The EEOICPA was passed in 2000. It provides compensation to workers who became ill as a result of their employment manufacturing nuclear weapons in the USA, as well as their spouses, children, and grandchildren. Uranium Mill in Tuba City EEOICPA coverage is available for qualified former Workers and their families.
Are you eligible for compensation? If you or a family member worked at this or another DOE facility and became ill, you may be entitled to compensation of up to $400K plus medical benefits. Call EEOICPA Counsel Hugh Stephens at 1-855-548-4494 or fill out our free claim evaluation, We can help even if you’ve already filed, even if your claim was denied!
Here, we have compiled publicly available information and documentation about the facilities covered by the Act to clarify how their activities relate to the Energy Employees Occupational Illness Compensation Program Act.
Uranium Mill in Tuba City
Location: Monument Valley
Time Period: DOE (Remediation) January 1985 â€“February 1986; January 1988 â€“ April 1990
Facility Type: Department of Energy
Facility Description: During its 10 years of operations, this mill processed about 800,000 tons of uranium ore. This ore processing is covered under the auspices of the Radiation Exposure Compensation Act and is not separately covered under EEOICPA. However, DOE environmental remediation contractors performed environmental remediation under the Uranium Mill Tailings Radiation Control Act (Public Law 95-604) at this former uranium ore processing mill from January 1985 â€“February 1986 and again from January 1988 â€“ April 1990. DOE and DOE contractor employees who performed this remediation are covered under EEOICPA.
Uranium Mill in Tuba City is listed as an Atomic Weapons Employer (AWE) site and as a Department of Energy (DOE) site under the EEOICPA.
As of 06/07/2015, the total compensation paid under Parts B and E of the EEOICPA, including medical compensation, for workers suffering from the effects of having worked at the Uranium Mill in Tuba City is $0.
Uranium ore was processed near Tuba City, Arizona, between 1956 and 1966. The milling operations created process-related waste and tailings, a sandlike waste product containing radioactive materials and other contaminants. The U.S. Department of Energy (DOE) encapsulated the tailings in an engineered disposal cell in 1990.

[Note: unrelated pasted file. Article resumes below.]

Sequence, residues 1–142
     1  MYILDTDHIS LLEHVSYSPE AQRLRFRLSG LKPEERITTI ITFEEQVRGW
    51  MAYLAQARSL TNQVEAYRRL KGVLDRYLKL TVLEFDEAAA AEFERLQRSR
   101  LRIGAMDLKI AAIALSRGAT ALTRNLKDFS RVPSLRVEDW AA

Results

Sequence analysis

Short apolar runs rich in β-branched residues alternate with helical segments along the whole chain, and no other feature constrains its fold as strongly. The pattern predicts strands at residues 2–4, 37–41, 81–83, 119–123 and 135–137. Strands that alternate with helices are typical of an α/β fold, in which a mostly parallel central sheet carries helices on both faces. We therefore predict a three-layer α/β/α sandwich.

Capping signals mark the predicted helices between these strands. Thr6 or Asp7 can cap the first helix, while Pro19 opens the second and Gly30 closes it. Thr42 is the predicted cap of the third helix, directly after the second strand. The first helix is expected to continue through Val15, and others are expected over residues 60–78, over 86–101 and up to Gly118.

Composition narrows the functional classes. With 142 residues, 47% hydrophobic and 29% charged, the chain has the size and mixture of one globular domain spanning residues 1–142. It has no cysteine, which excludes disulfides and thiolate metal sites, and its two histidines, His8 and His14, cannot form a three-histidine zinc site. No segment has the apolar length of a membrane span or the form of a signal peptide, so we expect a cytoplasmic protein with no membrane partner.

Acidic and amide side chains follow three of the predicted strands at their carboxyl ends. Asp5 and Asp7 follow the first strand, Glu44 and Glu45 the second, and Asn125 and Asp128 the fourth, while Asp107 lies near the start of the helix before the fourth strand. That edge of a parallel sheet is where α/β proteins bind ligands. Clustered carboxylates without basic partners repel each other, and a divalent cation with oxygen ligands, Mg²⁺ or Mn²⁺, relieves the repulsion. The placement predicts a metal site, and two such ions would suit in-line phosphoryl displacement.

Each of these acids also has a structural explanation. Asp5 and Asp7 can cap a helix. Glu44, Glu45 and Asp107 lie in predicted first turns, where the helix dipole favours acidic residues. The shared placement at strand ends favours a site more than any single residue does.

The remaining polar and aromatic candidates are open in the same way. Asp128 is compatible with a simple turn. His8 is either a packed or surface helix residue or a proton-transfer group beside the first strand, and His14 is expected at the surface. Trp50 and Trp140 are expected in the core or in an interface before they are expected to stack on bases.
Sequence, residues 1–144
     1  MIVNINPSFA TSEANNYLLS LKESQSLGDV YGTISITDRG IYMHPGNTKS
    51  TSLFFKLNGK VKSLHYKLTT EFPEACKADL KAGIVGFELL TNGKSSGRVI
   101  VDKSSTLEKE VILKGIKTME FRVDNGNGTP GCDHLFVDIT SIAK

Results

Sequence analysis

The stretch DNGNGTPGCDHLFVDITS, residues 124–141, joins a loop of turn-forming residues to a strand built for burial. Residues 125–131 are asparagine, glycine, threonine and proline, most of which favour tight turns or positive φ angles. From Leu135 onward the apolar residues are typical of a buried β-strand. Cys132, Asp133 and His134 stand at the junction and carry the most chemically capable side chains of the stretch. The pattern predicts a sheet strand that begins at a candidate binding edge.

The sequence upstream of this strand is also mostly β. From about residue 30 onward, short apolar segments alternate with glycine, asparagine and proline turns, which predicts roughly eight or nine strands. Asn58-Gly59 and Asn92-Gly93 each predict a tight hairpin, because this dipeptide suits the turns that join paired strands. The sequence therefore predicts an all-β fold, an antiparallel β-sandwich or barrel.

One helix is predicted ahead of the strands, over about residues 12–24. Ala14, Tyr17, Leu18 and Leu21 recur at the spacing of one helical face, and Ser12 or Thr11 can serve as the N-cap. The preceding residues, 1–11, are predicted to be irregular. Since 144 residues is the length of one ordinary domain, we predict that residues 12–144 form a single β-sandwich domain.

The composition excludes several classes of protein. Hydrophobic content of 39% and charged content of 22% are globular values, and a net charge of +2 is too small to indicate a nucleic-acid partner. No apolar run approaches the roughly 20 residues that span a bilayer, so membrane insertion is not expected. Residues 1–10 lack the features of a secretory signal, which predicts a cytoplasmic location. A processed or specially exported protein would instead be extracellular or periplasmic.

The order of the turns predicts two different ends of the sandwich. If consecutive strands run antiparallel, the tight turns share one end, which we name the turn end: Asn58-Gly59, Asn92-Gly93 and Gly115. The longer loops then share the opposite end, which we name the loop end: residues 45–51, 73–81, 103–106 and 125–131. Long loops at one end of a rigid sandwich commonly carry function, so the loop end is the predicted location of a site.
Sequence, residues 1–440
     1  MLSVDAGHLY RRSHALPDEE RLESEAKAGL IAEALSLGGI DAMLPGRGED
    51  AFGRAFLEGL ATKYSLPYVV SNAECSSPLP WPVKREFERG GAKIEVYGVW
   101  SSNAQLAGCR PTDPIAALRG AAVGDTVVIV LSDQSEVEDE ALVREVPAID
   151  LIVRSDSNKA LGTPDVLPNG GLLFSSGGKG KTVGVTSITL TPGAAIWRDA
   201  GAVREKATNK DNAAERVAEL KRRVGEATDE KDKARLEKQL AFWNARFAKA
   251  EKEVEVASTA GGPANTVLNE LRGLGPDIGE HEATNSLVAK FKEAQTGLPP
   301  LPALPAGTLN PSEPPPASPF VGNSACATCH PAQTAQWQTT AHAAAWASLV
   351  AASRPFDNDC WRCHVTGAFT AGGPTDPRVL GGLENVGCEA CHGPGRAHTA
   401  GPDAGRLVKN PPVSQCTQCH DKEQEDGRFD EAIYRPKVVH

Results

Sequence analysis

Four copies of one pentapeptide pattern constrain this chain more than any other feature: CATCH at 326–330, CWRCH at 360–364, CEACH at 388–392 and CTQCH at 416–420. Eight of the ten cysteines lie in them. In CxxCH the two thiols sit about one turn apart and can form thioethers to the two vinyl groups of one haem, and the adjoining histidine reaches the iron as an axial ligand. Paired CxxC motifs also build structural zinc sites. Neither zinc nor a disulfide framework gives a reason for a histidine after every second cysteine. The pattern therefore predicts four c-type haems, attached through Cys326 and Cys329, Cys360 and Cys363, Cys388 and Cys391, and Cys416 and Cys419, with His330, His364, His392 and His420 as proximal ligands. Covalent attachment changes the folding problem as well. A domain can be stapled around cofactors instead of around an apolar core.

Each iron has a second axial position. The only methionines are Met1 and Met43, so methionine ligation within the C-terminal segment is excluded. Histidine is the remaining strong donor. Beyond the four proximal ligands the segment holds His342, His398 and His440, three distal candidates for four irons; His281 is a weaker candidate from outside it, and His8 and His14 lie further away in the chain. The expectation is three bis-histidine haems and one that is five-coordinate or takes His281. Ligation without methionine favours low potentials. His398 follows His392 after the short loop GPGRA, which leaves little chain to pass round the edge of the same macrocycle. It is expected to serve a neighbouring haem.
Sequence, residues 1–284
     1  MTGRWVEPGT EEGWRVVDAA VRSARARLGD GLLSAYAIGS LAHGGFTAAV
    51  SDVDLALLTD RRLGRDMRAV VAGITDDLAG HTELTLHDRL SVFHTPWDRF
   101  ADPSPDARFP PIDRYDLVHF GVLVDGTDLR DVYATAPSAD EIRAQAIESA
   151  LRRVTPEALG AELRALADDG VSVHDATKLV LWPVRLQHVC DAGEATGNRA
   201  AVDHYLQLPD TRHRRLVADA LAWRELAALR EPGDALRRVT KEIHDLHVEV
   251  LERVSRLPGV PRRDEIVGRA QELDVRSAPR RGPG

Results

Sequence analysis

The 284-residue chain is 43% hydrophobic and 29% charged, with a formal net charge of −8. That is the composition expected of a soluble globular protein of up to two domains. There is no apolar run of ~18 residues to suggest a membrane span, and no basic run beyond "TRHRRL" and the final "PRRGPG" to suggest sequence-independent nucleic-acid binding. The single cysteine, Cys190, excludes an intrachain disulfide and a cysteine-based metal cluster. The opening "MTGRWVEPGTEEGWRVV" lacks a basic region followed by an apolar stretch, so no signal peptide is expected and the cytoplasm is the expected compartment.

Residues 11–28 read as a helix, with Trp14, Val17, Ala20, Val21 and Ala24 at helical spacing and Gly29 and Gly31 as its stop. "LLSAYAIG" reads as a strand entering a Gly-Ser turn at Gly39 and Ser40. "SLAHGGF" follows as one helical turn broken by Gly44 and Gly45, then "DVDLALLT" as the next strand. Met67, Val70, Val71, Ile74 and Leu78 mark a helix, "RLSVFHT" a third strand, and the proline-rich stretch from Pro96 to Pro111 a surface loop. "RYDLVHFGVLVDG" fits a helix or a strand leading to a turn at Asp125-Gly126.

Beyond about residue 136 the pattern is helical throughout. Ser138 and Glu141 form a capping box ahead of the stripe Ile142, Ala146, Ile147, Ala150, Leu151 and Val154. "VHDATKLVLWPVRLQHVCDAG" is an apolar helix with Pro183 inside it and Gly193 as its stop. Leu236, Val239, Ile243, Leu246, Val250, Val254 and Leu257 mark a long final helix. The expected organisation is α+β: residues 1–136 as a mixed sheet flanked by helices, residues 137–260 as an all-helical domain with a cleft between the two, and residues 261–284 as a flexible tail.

The U.S. Nuclear Regulatory Commission included the Tuba City Disposal Cell under general license in 1996. DOE is responsible, under the general license, for the long-term custody, monitoring, and maintenance of the site. The DOE Long-Term Surveillance and Maintenance (LTSM) Program at the DOE Grand Junction (Colorado) Office is responsible for the long-term safety and integrity of the disposal site. Because the site is on Navajo Nation land, the Navajo Nation retains title to the land and the tailings.
In 1988, DOE established the LTSM Program to provide stewardship of disposal cells that contain low-level radioactive material after completion of environmental restoration activities. The mission of the LTSM Program is to ensure that the disposal cells continue to prevent release of contaminated materials to the environment. These materials will remain potentially hazardous for thousands of years. As long as the cells function as designed, risks to human health and the environment are negligible.
The LTSM Program maintains the safety and integrity of the disposal cells through periodic monitoring, inspections, and maintenance; serves as a point of contact for stakeholders; and maintains an information repository at the DOE Grand Junction Office for sites administered by the LTSM Program.